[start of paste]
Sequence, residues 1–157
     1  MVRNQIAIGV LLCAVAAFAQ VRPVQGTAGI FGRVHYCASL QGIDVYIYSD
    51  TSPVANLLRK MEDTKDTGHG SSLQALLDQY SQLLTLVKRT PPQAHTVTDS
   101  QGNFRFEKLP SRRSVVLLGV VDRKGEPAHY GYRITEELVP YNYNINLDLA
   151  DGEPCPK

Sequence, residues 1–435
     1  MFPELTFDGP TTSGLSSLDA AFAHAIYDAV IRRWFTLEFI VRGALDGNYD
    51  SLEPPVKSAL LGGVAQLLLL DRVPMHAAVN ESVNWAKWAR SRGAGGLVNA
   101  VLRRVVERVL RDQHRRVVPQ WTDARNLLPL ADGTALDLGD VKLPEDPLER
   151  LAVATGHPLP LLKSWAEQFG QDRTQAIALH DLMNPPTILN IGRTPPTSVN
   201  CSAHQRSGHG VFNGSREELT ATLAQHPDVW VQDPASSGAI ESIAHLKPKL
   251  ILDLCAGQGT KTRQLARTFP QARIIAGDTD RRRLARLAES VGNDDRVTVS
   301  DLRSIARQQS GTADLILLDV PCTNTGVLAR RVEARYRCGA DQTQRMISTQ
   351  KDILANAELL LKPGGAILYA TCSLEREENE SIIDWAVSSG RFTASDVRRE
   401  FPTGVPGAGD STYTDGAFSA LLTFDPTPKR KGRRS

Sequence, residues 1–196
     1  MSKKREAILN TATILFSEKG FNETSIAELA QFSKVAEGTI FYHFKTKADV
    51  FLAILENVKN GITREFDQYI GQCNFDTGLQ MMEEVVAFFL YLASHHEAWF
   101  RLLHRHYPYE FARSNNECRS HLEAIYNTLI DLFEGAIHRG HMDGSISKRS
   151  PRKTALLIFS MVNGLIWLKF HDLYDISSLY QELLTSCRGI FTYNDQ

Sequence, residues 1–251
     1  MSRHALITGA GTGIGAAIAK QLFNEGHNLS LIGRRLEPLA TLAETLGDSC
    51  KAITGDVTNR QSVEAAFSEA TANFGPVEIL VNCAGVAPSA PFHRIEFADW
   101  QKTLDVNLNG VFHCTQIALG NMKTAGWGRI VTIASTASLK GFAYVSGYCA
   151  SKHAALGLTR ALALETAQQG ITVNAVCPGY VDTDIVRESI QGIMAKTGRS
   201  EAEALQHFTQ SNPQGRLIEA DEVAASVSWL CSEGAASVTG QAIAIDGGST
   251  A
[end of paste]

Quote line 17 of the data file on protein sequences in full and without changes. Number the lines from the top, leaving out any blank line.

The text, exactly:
     1  MSKKREAILN TATILFSEKG FNETSIAELA QFSKVAEGTI FYHFKTKADV